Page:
This stuff must be awfully taxing on a person. How long can you do it for?
At the United Nations, it was determined that, really, to be effective in the booth you should only work at most for 30 minutes. Then you need a break of half an hour, and then you can work for another 30 minutes, and that you shouldn’t work more than seven meetings a week. Sometimes people leave the booth just to clear their head, but most often colleagues stay in the booth because you could miss important information that’s relevant to your next half-hour. But your attention, your focus and the quality of your target language diminishes if you are on-mike for too long.

Is there any particular way you prepare mentally for an interpretation session?
We learn of our assignments the evening before, so I don’t know until 8 p.m. tonight what I’ll be doing tomorrow. The minute I find out, I get onto my computer. I look at UN documents, I make sure I know the vocabulary, I go through my glossaries, and I make sure that I have my bag of tools, my vocabulary with me. And you get into the booth at least 10 or 15 minutes before the meeting. Hopefully a colleague from the previous day’s meeting will have left you a note to tell you who the speakers are, or what the subject is, and you just get yourself prepared for that discussion.

So do you still get nervous, or feel pressure when you’re working an important meeting?
I do, personally. When I know that it’s a very sensitive political issue, I’m nervous. I want to get it right, and make sure that I don’t say something foolish. When you think about Libya, when you think about Côte d’Ivoire, the situation is so fluid on the ground that you can go into a meeting and suddenly there’s a place name that you haven’t heard before, or the name of a person, or their title. And numbers get bandied about—and you can’t get them wrong—and all of those things are arbitrary. You can’t necessarily figure them out from the context. So I do worry about misspeaking in such important meetings.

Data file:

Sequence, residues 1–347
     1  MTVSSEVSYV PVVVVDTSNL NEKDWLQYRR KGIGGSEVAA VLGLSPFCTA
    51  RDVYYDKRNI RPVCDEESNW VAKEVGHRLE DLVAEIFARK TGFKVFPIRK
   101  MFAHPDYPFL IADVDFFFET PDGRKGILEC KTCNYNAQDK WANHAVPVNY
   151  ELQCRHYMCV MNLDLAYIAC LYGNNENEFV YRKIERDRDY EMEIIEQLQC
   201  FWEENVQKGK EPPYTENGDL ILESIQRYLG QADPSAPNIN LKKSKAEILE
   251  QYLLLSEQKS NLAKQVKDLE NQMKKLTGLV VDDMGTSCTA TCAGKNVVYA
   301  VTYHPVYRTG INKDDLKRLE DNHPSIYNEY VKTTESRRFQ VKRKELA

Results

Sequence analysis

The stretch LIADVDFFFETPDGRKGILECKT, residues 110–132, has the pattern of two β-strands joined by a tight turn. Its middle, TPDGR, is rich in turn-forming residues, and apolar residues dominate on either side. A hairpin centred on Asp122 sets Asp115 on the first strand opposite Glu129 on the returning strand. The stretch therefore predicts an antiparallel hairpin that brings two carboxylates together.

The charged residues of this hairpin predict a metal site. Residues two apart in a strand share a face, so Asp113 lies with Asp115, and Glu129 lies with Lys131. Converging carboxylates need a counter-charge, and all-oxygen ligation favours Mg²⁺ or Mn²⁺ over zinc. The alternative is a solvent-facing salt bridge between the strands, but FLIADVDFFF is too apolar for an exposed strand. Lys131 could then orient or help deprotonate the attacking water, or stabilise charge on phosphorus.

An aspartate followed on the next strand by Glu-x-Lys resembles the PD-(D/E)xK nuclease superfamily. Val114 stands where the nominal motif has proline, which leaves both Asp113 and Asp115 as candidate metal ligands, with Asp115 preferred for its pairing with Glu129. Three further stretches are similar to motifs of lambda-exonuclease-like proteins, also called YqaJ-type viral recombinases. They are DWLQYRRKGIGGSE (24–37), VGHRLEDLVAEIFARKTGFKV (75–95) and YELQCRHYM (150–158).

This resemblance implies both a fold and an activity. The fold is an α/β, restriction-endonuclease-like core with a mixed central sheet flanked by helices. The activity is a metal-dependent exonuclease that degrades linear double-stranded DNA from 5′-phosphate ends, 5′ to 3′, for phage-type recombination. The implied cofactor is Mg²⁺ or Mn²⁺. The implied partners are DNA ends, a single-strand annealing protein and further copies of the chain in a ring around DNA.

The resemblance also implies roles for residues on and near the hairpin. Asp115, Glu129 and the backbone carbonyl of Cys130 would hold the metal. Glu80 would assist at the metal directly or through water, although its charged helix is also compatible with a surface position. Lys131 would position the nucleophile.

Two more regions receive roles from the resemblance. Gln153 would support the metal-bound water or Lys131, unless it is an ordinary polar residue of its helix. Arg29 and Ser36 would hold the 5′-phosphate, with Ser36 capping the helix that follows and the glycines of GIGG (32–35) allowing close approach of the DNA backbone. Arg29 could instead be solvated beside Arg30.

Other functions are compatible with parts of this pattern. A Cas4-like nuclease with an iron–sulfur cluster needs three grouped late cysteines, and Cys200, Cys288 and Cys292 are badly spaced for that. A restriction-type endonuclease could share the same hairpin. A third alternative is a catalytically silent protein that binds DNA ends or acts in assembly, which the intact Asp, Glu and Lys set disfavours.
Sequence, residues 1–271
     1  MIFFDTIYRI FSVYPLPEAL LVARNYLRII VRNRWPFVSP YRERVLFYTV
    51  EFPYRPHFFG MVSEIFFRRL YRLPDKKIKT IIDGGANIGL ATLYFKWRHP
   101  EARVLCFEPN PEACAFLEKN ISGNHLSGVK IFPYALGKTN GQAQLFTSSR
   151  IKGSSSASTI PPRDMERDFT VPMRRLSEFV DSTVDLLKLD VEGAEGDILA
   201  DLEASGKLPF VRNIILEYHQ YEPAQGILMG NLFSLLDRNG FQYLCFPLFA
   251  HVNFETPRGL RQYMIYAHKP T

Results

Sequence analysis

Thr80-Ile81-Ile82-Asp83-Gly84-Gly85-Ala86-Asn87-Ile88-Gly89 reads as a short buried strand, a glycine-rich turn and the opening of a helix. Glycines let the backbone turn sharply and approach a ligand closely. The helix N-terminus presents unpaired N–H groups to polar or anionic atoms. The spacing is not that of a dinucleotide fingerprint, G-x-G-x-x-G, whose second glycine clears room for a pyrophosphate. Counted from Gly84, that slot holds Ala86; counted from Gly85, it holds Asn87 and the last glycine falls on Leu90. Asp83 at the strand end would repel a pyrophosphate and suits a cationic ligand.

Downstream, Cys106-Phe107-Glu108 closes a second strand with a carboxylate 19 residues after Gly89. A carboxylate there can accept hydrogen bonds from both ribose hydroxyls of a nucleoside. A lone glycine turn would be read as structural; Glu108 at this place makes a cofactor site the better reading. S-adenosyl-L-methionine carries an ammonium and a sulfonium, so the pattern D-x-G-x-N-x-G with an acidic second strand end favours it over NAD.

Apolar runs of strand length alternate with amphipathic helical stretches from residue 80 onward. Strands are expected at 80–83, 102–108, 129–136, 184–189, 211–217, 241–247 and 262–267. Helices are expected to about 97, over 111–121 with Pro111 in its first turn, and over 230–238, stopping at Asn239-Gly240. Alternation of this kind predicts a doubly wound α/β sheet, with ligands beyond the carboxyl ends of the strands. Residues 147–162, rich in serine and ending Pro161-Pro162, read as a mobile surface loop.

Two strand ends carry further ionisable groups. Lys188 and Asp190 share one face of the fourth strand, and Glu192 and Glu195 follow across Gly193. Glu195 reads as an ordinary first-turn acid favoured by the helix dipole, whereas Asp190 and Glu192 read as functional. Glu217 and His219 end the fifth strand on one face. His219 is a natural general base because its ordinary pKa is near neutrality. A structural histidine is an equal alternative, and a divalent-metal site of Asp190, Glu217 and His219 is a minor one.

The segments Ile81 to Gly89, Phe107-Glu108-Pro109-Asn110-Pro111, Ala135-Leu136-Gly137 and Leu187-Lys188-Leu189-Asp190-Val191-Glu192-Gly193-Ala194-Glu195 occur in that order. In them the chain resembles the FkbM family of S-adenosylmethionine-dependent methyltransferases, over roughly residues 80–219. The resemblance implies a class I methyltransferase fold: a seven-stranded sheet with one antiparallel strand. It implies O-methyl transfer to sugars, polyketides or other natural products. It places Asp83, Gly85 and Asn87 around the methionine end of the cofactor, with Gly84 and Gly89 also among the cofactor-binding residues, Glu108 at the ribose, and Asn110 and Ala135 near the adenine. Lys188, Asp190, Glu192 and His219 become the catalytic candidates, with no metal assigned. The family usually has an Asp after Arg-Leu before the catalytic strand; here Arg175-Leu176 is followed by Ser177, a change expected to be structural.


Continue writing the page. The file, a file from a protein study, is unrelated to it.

Do you get a thrill from your job?
It is exciting to say that you’re there at a history-making moment, and there’s a rush in performing and in doing the job well. And perhaps I shouldn’t liken it to a performance but it is, because you have very little control over the input—you can’t control the speaker’s thoughts or his speed or his choice of words, and so it’s like sight-reading every time. Some people want to distance themselves from the emotion of the speaker, but I tend to be much more easily led by the speaker’s intonation, by their feeling. And that for me is a rush, when I see that my listeners in the room are not flinching. They’re looking at the speaker who’s speaking another language, perhaps a male, and then they’re hearing this female voice but with the same gravitas and the same feeling.

So how do you define success?
I’ve been very focused and found the right words at the right time. There are plenty of times you don’t get the exact word that you’re looking for, and you have to go for second-best. But for me, a successful day is when they don’t even notice that I’m there, if that makes sense. If I haven’t brought attention to myself in the wrong way, that’s a good thing.